RARA-AVIS: Re: Father Figure

From: Joy Matkowski (jmatkowski1@comcast.net)
Date: 14 Aug 2008

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    For PIs, John Shannon's Jack Liffey has a daughter, usually living with his ex-wife but providing plenty of complications when she isn't.

    For spies, Charlie Muffin's wife, Edith, died as a result of his career.
    (I'm reading Charlie Muffin, U.S.A., now, and I should have read this series in order.)


    JIM DOHERTY listed some cops and spies' marital status:
    > Re your comment below:
    > "Harry Bosch has a 5 year old daughter with Eleanor Wish."
    > Yeah, but Harry's a cop, and, at one time, he was Elly's husband.
    > It's not at all unusual for the heroes of police procedurals to be married
    > and have kids. And it shouldn't be. Police procedurals are supposed to
    > be accurate depictions of law enforcement in real life, and in real life,
    > most cops are married (or at least have been, at one time or another) and
    > have kids.
    > Off-hand, McBain's Steve Carella, Creasey's George Gideon, Waugh's Fred
    > Fellows, Wilcox's Frank Hastings, Procter's Harry Martineau, Sjowall &
    > Wahloo's Martin Beck, and Treat's Mitch Taylor are all husbands (or
    > ex-husbands) and fathers.
    > In the arena of the hard-boiled private eye, however, husbands and fathers
    > are lot less frequent. Gores's Dan Kearney (and we glimpse very little of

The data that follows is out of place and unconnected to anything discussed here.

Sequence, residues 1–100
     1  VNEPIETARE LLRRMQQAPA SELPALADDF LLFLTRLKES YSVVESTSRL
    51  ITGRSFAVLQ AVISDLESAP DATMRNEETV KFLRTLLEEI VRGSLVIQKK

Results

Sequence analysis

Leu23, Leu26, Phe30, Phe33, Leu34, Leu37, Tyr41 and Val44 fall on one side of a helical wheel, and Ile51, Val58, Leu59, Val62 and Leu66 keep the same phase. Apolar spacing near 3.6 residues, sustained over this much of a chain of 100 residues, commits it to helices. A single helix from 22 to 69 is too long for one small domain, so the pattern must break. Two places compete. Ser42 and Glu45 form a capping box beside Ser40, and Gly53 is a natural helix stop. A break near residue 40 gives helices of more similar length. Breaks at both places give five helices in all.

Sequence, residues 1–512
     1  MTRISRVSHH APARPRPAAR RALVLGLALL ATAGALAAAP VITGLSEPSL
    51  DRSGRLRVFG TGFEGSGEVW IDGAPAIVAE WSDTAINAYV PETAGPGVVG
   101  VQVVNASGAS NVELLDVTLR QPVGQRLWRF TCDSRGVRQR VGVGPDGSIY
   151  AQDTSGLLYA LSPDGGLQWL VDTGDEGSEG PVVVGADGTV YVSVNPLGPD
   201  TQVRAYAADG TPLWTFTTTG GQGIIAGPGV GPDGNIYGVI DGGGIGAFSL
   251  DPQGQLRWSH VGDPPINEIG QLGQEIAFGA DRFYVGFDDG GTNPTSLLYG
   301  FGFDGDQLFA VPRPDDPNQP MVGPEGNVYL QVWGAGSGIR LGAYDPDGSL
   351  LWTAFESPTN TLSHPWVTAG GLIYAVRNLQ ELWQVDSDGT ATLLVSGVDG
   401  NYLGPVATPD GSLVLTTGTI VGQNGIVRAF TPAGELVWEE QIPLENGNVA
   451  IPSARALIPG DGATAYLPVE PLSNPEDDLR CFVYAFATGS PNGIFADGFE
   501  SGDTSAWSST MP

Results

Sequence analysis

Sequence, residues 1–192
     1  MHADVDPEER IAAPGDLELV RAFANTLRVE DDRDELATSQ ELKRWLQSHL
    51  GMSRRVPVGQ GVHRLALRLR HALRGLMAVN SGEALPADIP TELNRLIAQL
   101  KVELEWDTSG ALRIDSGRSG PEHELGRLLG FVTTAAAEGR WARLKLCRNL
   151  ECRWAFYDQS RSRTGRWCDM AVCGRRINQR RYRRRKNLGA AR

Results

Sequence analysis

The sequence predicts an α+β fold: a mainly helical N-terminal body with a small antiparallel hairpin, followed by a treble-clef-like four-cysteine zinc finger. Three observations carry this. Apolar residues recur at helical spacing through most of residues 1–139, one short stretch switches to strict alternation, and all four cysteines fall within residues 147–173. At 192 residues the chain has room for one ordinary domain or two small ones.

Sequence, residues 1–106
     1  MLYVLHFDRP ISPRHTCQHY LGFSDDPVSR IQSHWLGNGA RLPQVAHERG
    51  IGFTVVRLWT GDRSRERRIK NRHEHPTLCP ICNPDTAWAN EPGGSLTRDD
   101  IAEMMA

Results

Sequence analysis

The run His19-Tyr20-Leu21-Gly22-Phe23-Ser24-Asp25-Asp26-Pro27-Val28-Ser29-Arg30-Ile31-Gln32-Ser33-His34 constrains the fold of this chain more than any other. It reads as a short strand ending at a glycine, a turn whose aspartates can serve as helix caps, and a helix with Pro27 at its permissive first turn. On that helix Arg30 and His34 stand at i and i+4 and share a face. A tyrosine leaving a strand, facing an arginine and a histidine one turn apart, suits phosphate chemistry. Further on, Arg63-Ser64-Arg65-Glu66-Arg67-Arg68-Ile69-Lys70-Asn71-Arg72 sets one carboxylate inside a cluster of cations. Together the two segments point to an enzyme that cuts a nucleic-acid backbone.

> his family life in the books), and Pronzini's "Nameless," who adopted a
    > little girl with his wife Kerry a few books ago, are among the very few.
    > I imagine spies who are married with children are fairly unusual, too.
    > James Bond married a woman in ON HER MAJESTY'S SECRET SERVICE, but was
    > almost immediately widowed, and, with another woman, fathered a child in
    > YOU ONLY LIVE TWICE, but, at least in the original Fleming Canon, was
    > completely unaware of it. Hamilton's Matt Helm had three kids, but they
    > all came along during the hiatus from the secret agent biz preceding DEATH
    > It's not hard-boiledness of a character, per se, that works against family
    > life in crime fiction. It's the expectations that come with the
    > particular sub-genre. We expect PI's and spies to be lone wolves, because
    > PI's and spies, in fiction, are mythical figure. This is so pervasive an
    > expectation that, as James pointed out, Brett Halliday had to kill off
    > Mike Shayne's wife because a hard-boiled PI who was a family man struck
    > too dissonant a note (at least for movie producers).
    > We don't necessarly expect that of realistically depicted policemen, who,
    > for all their tougness and colloquial mode of expression, are far less
    > likely to be figures of myth.

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